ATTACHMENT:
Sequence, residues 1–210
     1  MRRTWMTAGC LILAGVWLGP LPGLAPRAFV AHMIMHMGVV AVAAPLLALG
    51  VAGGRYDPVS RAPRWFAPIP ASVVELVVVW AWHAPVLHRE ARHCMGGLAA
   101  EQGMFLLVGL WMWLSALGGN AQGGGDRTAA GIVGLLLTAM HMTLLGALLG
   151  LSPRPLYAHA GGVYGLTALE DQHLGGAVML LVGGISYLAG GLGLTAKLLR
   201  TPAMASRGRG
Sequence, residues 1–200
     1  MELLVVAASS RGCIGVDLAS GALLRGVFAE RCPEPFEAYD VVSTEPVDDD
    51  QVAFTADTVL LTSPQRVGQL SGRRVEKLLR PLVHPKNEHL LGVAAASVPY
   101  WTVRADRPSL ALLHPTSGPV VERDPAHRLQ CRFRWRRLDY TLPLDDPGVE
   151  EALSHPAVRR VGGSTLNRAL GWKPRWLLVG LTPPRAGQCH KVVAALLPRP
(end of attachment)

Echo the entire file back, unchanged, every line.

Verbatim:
Sequence, residues 1–210
     1  MRRTWMTAGC LILAGVWLGP LPGLAPRAFV AHMIMHMGVV AVAAPLLALG
    51  VAGGRYDPVS RAPRWFAPIP ASVVELVVVW AWHAPVLHRE ARHCMGGLAA
   101  EQGMFLLVGL WMWLSALGGN AQGGGDRTAA GIVGLLLTAM HMTLLGALLG
   151  LSPRPLYAHA GGVYGLTALE DQHLGGAVML LVGGISYLAG GLGLTAKLLR
   201  TPAMASRGRG
Sequence, residues 1–200
     1  MELLVVAASS RGCIGVDLAS GALLRGVFAE RCPEPFEAYD VVSTEPVDDD
    51  QVAFTADTVL LTSPQRVGQL SGRRVEKLLR PLVHPKNEHL LGVAAASVPY
   101  WTVRADRPSL ALLHPTSGPV VERDPAHRLQ CRFRWRRLDY TLPLDDPGVE
   151  EALSHPAVRR VGGSTLNRAL GWKPRWLLVG LTPPRAGQCH KVVAALLPRP